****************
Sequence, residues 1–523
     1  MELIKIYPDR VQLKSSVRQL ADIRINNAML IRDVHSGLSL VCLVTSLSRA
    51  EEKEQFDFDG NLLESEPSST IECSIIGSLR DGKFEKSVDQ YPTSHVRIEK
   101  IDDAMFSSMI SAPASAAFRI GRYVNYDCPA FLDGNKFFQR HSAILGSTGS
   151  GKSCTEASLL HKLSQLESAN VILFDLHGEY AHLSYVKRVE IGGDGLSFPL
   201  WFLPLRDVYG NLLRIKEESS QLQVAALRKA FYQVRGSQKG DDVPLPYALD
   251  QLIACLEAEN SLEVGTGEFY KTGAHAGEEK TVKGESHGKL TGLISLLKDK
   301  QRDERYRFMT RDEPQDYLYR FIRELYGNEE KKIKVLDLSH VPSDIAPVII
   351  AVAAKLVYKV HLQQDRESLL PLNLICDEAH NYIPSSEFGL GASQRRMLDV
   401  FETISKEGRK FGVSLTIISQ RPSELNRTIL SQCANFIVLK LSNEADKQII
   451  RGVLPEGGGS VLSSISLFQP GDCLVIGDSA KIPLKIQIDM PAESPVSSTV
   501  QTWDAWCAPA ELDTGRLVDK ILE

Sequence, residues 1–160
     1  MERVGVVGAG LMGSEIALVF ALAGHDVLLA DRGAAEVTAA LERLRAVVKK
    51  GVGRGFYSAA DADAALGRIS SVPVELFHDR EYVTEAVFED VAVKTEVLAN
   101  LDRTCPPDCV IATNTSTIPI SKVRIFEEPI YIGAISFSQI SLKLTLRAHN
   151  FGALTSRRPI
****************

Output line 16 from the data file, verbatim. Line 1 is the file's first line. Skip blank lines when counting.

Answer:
   101  LDRTCPPDCV IATNTSTIPI SKVRIFEEPI YIGAISFSQI SLKLTLRAHN